So I think that INFJs have a host of healthy and unhealthy tactics for dealing with this paradox. Angry, un-self-actualized INFJs tend to cut off information they should consider. I think the INFJ Personal Growth page on personalitypage.com says it so well:

    "If the psyche is presented with information that looks anything like something that Introverted iNtuition has processed in the past, it uses Extraverted Feeling to quickly reject that information. The psyche uses Extraverted Feeling to reject the ideas, rather than taking the information into its intuitive framework, and therefore potentially causing that framework to be reshaped and redefined.

    'Using Extraverted Feeling in this manner may effectively serve the immediate needs of Introverted iNtuition, but it is not ideal. It causes the INFJ to not consider information that may be useful or criticial in developing a real understanding of an issue. It may cause the INFJ to come off as too strongly opinionated or snobbish to others." (from INFJ Personal Growth)

    In other words, INFJs (healthy or not) can get very black and white in their thinking if they are angry. I suppose we all do this, but there is a particularly visceral and obstinate quality to the angry INFJ's thinking. I find that I have to give my INFJ friends LOTS of space to let them process the situation. ( e.g., One INFJ friend who cares about me very much took eight months before she re-contacted me to apologize for getting upset with me for no fault of my own.)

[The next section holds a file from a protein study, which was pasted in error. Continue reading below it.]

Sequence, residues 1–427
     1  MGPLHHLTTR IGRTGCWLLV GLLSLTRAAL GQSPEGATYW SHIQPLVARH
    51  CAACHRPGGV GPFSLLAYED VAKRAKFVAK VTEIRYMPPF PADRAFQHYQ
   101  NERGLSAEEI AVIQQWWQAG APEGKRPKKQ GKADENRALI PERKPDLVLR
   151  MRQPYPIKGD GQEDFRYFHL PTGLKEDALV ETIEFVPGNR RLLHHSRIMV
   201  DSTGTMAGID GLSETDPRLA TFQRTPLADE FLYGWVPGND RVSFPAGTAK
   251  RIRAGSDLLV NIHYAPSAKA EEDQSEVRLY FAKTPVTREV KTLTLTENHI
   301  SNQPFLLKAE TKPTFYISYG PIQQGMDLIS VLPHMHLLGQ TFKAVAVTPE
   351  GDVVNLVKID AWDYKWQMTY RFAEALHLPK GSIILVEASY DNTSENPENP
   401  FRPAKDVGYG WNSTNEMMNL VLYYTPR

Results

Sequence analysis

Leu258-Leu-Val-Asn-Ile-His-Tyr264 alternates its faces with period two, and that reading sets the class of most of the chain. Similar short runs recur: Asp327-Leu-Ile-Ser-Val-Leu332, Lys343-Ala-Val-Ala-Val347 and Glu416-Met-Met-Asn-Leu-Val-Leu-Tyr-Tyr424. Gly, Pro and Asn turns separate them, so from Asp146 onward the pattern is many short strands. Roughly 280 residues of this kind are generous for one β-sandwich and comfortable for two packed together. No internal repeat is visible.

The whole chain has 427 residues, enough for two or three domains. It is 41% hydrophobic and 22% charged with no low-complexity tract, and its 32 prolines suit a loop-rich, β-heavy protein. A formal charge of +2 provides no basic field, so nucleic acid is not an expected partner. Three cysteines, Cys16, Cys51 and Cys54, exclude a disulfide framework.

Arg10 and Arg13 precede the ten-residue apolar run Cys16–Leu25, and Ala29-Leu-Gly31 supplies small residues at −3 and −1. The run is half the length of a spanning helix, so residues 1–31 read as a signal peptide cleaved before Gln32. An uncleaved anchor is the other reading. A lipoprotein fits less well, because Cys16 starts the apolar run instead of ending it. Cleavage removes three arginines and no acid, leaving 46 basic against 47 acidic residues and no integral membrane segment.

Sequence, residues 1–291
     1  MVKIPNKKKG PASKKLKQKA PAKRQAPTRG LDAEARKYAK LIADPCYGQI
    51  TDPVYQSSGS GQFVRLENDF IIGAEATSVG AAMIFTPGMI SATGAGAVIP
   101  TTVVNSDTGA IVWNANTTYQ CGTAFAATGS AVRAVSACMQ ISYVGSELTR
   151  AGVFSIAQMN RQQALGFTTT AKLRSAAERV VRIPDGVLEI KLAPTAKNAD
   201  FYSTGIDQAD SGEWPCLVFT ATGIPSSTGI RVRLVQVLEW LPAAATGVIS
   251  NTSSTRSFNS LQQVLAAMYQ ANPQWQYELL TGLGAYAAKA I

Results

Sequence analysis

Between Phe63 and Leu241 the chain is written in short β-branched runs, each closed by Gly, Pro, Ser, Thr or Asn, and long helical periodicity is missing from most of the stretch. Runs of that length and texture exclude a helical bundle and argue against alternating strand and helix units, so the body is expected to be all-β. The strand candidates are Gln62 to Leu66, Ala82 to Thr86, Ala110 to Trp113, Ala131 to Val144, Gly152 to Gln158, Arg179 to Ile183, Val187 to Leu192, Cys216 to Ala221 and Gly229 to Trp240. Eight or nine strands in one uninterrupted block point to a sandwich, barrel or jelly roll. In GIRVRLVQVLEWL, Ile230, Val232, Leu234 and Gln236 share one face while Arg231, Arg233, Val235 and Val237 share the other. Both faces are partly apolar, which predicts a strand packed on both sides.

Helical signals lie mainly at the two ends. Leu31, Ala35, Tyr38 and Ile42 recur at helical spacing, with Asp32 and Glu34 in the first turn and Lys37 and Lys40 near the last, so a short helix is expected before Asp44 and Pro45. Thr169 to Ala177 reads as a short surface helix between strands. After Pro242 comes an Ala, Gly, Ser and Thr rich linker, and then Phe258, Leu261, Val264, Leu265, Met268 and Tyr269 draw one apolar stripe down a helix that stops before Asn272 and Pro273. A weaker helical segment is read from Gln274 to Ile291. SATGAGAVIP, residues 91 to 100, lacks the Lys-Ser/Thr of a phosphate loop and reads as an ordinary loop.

This is very, very hard for me to take. Maybe it's my ENFP personality. Maybe it's my robust personal luggage collection. But it seems to me that I shouldn't have to give my INFJ friends four weeks of space every time they get upset. Not all INFJs do this, but a significant portion of them do... at least that has been my experience. <Sigh.>

  9. #59
    ⒺⓉⒷ Eric B's Avatar
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    Quote Originally Posted by toonia View Post
    Eric B, that was a really intense read. I don't know that I have constructive input because I don't know what type that represents. I'm not even sure how much type really describes a person since there are many other factors influencing them. All I can say is that what you describe would be exhausting to experience whether giving or receiving.

    I think some INFJs doorslam, but not all. When I leave a situation it isn't a doorslam, but complete exhaustion from the situation, or an inability to know how to resolve the conflict, or not knowing how to protect myself (if it is serious situation), or just generalized confusion at all the behaviors and ideas especially if the person is inconsistent. My personal reaction doesn't mean much here, but my point is that all exits/doorslams are not created equal. There can be as many motivations as there are people.